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Tempest 4000 Review

Official Score

Overall - 60%

60%

Tempest 4000’s time-tested gameplay still rings true, but some of the visual and design elements in this release add some unintended challenge. For what is ultimately an updated quarter-muncher, it has a steep price, but those looking to relive the past in 4K could do far worse than this title.

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Llamasoft, Atari, and Jeff Minter brings the past to the present with the release of Tempest 4000. The graphics and music from the 1981 classic have received a noticeable upgrade, but does the timeless gameplay carry over too?

Tempest 4000 Review

Arcade aficionados will know the objective in Tempest 4000. As “The Claw,” it’s your prerogative to survive 100 different levels, blasting everything away and getting a high score in the process. Players travel across sections of a geometric prism, moving between different tracks to blast enemies away. Each stage has a different layout, bending and twisting every which way. With each one lasting around a minute, it’s hard to get bored.

Sounds like the original Tempest, right? Tempest 4000 doesn’t fix what is broken, but it does include a number of tweaks to the formula. Players can net themselves a number of power-ups that let them utilize such things as an AI droid or a jump button, which ease the difficulty curve by a fair margin. The Superzapper, which recharges each level, is a screen-clearing bomb that works in a pinch. There are also sections between each level that have you navigating through a series of gates. Oddly enough, these sections use the DualShock’s motion controls, which makes things far more difficult than they have any right to.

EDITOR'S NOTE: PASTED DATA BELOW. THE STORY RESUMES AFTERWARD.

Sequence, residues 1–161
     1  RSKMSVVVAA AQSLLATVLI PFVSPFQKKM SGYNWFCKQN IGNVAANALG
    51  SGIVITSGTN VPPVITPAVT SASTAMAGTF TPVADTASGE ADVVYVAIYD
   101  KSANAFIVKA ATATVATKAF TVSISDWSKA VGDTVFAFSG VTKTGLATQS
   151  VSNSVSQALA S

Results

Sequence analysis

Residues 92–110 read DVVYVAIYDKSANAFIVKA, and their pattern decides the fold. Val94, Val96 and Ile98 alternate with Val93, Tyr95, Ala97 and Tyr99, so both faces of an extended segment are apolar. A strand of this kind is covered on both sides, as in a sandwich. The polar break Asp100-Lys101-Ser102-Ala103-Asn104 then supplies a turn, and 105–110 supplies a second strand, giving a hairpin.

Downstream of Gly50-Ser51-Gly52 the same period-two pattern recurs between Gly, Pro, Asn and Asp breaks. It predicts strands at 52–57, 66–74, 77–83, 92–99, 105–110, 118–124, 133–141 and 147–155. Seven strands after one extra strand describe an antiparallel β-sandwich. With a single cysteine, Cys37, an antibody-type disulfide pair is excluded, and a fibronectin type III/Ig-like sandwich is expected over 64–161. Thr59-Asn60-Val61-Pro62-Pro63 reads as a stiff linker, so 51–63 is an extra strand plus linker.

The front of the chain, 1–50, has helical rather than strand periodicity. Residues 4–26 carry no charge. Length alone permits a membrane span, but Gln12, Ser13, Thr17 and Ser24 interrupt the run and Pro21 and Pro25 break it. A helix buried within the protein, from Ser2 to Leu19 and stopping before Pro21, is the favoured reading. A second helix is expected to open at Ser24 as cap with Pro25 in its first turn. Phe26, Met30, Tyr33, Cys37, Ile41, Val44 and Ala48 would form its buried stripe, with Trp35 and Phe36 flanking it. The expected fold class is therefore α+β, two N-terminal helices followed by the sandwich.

If anything, difficulty is a common theme in this game. This is a one-hit-and-you’re-dead kind of game, and though players can amass a number of powerups and extra lives, there is a metric ton of things going on. It might be easy to learn and hard to master, but the barrier to entry is much, much higher than the original.

Tempest 4000 - Gamers Heroes

This is made that much more difficult with its visual effects. Though it utilizes vector-like graphics, this is one extravagant game. Enemies and projectiles will shake, twist, and flash brightly, making it hard to see exactly what is going on. It’s a sugary dose of eye candy that wows the senses, but it does add an extra layer of difficulty that makes things far harder than they have any right to be. Still, those that fight through the flash can attempt to blast their way to high scores.

Those looking to hit the leaderboards will certainly be busy, as there are three different modes to master in the form of Pure, Classic, and Survival. The gameplay proper is more or less the same, but each leaderboard online is unique – a nice touch for completionists.

Tempest 4000’s time-tested gameplay still rings true, but some of the visual and design elements in this release add some unintended challenge. For what is ultimately an updated quarter-muncher, it has a steep price, but those looking to relive the past in 4K could do far worse than this title.

This review of Tempest 4000 was done on the PlayStation 4. A digital code was provided by the publisher.
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Casey Scheld

Drawn to the underground side of gaming, Casey helps the lesser known heroes of video games. If you’ve never heard of it, he’s mastered it.
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